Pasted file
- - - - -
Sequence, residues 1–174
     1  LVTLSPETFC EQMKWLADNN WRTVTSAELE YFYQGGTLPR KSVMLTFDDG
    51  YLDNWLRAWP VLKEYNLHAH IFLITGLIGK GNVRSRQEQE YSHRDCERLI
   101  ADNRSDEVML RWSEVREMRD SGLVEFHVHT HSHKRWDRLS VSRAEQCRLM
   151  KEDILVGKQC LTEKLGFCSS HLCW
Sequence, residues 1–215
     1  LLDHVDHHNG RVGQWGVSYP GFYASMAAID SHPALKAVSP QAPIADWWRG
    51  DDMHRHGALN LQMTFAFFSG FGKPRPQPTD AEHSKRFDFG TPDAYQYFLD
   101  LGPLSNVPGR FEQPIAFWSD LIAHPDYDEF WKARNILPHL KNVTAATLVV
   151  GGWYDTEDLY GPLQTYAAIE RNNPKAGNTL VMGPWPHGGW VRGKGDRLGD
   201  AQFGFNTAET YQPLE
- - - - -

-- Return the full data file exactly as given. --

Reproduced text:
Sequence, residues 1–174
     1  LVTLSPETFC EQMKWLADNN WRTVTSAELE YFYQGGTLPR KSVMLTFDDG
    51  YLDNWLRAWP VLKEYNLHAH IFLITGLIGK GNVRSRQEQE YSHRDCERLI
   101  ADNRSDEVML RWSEVREMRD SGLVEFHVHT HSHKRWDRLS VSRAEQCRLM
   151  KEDILVGKQC LTEKLGFCSS HLCW
Sequence, residues 1–215
     1  LLDHVDHHNG RVGQWGVSYP GFYASMAAID SHPALKAVSP QAPIADWWRG
    51  DDMHRHGALN LQMTFAFFSG FGKPRPQPTD AEHSKRFDFG TPDAYQYFLD
   101  LGPLSNVPGR FEQPIAFWSD LIAHPDYDEF WKARNILPHL KNVTAATLVV
   151  GGWYDTEDLY GPLQTYAAIE RNNPKAGNTL VMGPWPHGGW VRGKGDRLGD
   201  AQFGFNTAET YQPLE